For over 15 years, Crystal Reports software has helped business users and IT departments around the world achieve richer insight and greater productivity. With millions of active users and deployments in organizations of all sizes, across all industries, Crystal Reports software is widely recognized as the de facto standard for reporting today. Building on the industry leadership of Crystal Reports, SAP is expanding the Crystal product line and delivering innovative business intelligence solutions that will change the way people work. As of part this initiative, Xcelsius software is joining the SAP Crystal family of offerings as the flagship software for dashboarding and data presentation.

Starting May 17th, 2010, Xcelsius product names will be replaced with SAP Crystal descriptive nomenclature as follow:

Current Product Name New Product Name
Xcelsius Present SAP Crystal Presentation Design
Xcelsius Engage SAP Crystal Dashboard Design, personal edition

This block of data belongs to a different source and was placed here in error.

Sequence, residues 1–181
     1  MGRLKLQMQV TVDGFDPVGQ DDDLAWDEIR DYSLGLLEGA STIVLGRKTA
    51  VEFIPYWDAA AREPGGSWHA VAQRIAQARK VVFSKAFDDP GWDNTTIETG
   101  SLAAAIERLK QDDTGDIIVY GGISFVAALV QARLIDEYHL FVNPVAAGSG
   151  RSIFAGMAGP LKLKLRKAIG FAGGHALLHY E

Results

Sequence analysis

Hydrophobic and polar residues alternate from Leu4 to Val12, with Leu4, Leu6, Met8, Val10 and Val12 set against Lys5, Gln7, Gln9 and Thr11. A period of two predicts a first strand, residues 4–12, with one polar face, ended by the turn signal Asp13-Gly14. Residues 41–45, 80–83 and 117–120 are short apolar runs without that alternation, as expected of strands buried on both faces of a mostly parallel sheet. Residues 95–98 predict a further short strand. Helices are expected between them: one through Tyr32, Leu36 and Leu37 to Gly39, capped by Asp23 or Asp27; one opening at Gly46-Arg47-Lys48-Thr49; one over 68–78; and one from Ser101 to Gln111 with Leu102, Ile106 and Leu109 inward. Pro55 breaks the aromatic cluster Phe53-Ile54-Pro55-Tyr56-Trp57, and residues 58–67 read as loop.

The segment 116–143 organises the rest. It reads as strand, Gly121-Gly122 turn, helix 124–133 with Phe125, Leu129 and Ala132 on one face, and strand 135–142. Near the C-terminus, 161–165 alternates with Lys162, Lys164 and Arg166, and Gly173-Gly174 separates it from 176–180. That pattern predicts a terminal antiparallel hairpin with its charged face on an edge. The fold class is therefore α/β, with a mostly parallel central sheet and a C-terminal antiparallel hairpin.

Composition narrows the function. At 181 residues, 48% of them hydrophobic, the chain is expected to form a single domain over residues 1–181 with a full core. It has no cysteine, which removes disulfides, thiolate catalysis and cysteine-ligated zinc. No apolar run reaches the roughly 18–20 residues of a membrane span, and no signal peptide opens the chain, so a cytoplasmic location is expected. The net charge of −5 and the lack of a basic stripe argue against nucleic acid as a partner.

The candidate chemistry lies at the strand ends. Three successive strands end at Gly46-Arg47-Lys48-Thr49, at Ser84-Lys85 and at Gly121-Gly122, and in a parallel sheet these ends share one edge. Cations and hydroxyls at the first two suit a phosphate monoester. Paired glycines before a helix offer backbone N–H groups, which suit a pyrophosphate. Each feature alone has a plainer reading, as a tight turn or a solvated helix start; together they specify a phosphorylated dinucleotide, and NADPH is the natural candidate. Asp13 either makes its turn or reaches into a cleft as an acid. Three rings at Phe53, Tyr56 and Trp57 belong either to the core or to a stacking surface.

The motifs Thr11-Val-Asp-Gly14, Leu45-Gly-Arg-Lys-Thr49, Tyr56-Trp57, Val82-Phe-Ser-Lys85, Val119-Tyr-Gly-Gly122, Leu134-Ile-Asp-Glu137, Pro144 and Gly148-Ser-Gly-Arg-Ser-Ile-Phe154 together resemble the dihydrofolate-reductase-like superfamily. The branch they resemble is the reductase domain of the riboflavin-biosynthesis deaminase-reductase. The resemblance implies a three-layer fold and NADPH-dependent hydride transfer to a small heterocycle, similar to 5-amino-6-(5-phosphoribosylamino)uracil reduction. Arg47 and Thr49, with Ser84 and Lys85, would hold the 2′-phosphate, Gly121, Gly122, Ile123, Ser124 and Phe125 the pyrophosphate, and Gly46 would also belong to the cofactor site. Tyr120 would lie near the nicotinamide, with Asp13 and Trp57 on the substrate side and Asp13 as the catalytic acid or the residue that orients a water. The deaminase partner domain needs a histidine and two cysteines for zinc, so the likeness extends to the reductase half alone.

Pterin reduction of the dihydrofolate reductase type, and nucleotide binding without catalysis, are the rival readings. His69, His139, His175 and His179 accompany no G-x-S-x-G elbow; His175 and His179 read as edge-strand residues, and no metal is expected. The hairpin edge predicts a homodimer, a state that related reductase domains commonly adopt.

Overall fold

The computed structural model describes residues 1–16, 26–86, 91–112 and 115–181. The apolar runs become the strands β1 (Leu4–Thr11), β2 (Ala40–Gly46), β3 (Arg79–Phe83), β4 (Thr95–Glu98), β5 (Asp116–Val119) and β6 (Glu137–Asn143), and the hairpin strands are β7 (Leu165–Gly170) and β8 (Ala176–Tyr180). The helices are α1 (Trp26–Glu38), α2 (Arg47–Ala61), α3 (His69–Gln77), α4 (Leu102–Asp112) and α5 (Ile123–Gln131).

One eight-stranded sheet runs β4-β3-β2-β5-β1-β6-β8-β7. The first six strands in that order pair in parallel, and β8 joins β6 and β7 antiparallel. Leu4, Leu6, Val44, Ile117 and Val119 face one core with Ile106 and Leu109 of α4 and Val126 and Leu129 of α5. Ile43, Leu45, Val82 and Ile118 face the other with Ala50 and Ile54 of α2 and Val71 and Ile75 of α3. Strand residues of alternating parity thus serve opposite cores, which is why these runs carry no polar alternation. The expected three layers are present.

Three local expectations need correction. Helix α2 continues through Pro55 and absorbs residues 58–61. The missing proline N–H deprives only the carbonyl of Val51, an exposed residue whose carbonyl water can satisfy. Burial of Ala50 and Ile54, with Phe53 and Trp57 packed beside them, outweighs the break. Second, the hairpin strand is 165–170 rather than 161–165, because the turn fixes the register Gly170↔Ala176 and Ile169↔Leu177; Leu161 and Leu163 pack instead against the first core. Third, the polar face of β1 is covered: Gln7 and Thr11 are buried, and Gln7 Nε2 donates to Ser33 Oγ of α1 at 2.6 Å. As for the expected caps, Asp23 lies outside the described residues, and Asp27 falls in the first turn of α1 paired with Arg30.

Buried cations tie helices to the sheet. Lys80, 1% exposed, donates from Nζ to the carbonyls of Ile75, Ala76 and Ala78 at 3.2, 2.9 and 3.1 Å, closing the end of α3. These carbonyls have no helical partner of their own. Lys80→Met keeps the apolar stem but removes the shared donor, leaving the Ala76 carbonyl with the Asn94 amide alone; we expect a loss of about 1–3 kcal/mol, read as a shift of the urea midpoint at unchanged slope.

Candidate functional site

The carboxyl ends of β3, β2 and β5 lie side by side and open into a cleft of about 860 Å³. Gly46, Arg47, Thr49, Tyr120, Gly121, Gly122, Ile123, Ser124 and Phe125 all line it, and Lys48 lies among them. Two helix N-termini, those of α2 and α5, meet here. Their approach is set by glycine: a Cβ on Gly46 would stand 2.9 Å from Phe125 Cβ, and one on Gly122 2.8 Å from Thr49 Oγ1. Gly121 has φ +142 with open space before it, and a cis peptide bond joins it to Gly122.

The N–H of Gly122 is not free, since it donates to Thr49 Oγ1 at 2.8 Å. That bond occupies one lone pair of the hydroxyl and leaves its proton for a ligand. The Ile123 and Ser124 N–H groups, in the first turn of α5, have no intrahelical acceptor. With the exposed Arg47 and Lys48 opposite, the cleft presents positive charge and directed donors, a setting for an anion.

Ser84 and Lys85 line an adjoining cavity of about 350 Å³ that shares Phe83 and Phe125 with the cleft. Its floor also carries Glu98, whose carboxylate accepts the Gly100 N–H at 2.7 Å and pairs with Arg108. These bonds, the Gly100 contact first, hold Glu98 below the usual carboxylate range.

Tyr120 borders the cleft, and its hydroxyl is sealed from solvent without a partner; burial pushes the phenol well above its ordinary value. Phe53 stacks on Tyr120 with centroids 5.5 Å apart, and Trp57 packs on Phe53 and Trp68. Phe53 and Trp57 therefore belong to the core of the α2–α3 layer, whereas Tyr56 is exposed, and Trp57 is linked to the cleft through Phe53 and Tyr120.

SAP to Acquire Sybase, Inc.

Strategic Move to Accelerate the Reach of SAP® Solutions across Mobile Platforms,
Help Companies Manage and Analyze Business Information and Processes on Any Device

WALLDORF, Germany and Dublin, California, USA – May 12, 2010 – SAP (NYSE: SAP) and Sybase, Inc., Dublin, California (USA) (NYSE: SY) today announced that SAP’s subsidiary, SAP America, Inc., has signed a definitive merger agreement to acquire Sybase, Inc., in a transaction that will bring the two information technology (IT) leaders together to enable companies to become better-run “unwired enterprises.” As a result of this transaction, customers will be able to better harness today’s explosion of data and deliver information and insight in real time to business consumers wherever they work so they can make faster, more informed decisions. Companies will benefit from greater productivity, speed and agility to help their businesses grow. Under the terms and conditions of the merger agreement, SAP America, Inc., will make an all cash tender offer for all of the outstanding shares of Sybase common stock at $65.00 per share, representing an enterprise value of approximately $5.8 billion.